Cloth Toilet Paper: Would You or Wouldn’t You?
I taped this phenomenally interesting show the other night called Extreme Cheapskates. Like seeing a train wreck, or Hoarders, I couldn’t turn away. And, of course, as I watched I made notes, thinking I have to blog about this!
So here goes the first story.
One family with kids professes to be great cheapskates, and one way they save money is something I have never heard – or, actually, thought – about: they skip buying toilet paper at the store and instead cut up cloth out of strips and use this as toilet paper.
How does it work? They hang a basket by the toilet that serves as the ‘toilet paper holder’ and they use a trash can by the toilet in which they and their kids toss their ‘dirty’ toilet paper when they are finished, well, going potty.
I know I’m cheap, but this one was a little much for me.
While I didn’t have an issue cleaning up messes the kids made in their diapers or pants when they were younger, the idea of tossing a bunch of, well, poop-stained cloth toilet paper strips into my washing machine about made my stomach lurch.
It was even worse when someone held up a stained cloth and said, “I think this one is dirty,” because, as we know, poop stains. No, explained mom, it was clean and had been washed and needed to be folded to be used again. And again and again.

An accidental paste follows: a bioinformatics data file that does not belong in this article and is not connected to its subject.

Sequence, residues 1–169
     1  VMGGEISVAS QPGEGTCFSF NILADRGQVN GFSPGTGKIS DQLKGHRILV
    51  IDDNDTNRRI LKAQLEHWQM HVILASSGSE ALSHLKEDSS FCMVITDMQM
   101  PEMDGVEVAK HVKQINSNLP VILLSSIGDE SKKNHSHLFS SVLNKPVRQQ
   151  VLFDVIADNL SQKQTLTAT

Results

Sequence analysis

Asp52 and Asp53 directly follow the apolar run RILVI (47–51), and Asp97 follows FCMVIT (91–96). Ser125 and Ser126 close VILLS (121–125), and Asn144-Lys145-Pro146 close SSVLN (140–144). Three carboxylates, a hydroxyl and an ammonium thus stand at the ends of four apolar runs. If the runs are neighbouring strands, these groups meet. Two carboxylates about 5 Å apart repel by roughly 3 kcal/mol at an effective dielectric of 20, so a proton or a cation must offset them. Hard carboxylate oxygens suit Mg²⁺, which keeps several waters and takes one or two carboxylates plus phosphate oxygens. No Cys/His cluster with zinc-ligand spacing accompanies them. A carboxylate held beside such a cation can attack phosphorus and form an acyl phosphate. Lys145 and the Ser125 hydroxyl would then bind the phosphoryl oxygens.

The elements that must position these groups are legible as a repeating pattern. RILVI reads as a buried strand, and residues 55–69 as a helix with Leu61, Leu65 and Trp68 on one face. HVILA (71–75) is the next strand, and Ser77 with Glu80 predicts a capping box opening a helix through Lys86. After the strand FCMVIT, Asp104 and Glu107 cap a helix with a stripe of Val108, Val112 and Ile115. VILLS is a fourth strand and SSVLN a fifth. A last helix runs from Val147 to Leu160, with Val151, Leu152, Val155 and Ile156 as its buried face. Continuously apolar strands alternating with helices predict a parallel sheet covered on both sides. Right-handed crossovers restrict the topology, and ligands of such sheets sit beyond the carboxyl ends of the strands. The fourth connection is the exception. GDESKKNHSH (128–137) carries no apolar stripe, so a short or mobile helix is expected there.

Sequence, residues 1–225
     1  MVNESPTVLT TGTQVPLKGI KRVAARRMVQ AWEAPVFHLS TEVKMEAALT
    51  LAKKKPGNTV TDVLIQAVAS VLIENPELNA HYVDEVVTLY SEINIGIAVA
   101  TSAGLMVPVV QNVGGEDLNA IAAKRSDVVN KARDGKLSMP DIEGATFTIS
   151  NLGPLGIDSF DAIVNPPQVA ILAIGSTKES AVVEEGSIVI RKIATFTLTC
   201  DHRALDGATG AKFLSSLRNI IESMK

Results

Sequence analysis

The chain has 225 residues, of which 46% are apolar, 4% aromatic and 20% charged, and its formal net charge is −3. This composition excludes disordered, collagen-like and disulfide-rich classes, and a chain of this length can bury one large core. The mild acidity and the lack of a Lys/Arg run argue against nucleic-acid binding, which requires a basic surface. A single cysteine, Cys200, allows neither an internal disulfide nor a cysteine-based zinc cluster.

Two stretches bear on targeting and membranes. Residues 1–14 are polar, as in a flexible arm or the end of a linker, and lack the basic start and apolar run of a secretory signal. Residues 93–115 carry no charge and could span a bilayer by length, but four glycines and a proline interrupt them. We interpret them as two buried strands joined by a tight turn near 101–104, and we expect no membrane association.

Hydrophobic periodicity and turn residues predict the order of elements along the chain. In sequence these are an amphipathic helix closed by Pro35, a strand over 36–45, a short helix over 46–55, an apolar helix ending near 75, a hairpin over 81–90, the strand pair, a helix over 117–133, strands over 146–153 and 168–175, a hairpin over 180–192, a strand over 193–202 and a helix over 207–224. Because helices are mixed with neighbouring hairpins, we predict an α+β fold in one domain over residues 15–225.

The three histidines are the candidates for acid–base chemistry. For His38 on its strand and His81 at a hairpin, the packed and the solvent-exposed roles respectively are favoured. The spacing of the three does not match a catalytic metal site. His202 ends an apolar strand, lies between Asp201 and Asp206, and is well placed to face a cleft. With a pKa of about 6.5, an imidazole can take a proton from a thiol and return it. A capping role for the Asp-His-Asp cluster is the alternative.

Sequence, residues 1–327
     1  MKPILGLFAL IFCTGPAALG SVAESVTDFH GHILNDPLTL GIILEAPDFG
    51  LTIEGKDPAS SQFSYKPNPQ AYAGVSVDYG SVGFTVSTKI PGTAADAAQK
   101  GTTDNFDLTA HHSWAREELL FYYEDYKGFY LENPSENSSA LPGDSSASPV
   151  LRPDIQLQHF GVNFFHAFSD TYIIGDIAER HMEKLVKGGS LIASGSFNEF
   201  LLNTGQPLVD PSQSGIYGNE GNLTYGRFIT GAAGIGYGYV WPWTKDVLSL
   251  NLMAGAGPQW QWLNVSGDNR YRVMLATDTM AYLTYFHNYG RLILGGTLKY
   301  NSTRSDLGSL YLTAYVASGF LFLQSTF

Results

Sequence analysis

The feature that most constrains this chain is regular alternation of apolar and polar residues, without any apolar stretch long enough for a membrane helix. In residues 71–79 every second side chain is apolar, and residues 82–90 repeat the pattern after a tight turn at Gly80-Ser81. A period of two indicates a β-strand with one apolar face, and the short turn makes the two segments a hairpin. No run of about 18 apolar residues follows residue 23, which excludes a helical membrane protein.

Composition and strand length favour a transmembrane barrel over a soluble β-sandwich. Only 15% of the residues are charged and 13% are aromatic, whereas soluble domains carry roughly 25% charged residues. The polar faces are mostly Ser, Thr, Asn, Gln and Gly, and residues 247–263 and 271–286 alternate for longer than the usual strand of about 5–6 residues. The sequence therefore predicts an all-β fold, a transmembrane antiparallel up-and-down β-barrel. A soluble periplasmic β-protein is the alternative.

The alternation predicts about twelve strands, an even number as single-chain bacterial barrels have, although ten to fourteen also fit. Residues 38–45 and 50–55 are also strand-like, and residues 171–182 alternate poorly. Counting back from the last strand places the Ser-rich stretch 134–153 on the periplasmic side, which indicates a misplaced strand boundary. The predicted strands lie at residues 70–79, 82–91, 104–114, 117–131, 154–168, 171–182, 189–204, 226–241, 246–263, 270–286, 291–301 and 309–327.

I’m all about saving money, but the idea of cloth strips as toilet paper is not appealing to me. I think of the technicalities, like:
- If you kept these soiled items in the bathroom for any amount of time after they had been used, wouldn’t it smell?
- All that washing – doesn’t that add up to about the cost of a package of Angel Soft? I buy about twelve double rolls on sale for $3.49-$4. Wouldn’t water and electricity and detergent cost about that much?
- Poop stains would freak me out on clean cloths, period.
Maybe I’m making too much of this. It’s probably similar to using cloth diapers on babies, although babies have smaller ‘movements’. I guess if you stayed on top of the laundry and got the soiled cloths into the machine quickly enough it wouldn’t smell; and if you really needed to save money, this could be one way to do it, especially if you have a lot of kids in the family that require a lot of bathroom tissue.
The mom in the story stated she saves about $20 per month on toilet paper, or $240 a year.
I think I’d rather ditch a meat-filled meal once or twice a week and buy the TP instead.
How about you? Would you give up the convenience of toilet paper and switch to cloth for the savings?
What do you think? Cloth Toilet Paper: Would You or Wouldn’t You?